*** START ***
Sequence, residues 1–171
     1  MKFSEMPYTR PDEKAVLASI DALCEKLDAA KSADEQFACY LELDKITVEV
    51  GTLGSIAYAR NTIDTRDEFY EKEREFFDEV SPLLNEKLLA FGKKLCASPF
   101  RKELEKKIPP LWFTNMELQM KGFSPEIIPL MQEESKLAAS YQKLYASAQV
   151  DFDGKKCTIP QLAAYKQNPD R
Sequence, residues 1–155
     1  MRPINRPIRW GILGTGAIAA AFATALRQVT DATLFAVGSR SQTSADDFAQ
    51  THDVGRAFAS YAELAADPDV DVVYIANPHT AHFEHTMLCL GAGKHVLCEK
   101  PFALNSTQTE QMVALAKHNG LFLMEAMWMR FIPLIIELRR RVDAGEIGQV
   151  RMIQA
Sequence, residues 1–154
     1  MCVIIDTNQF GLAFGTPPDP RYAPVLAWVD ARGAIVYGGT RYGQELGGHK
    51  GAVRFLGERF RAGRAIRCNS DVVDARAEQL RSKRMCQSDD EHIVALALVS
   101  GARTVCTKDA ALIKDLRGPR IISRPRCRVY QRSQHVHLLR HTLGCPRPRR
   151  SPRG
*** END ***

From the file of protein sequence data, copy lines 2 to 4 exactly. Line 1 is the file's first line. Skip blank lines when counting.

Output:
     1  MKFSEMPYTR PDEKAVLASI DALCEKLDAA KSADEQFACY LELDKITVEV
    51  GTLGSIAYAR NTIDTRDEFY EKEREFFDEV SPLLNEKLLA FGKKLCASPF
   101  RKELEKKIPP LWFTNMELQM KGFSPEIIPL MQEESKLAAS YQKLYASAQV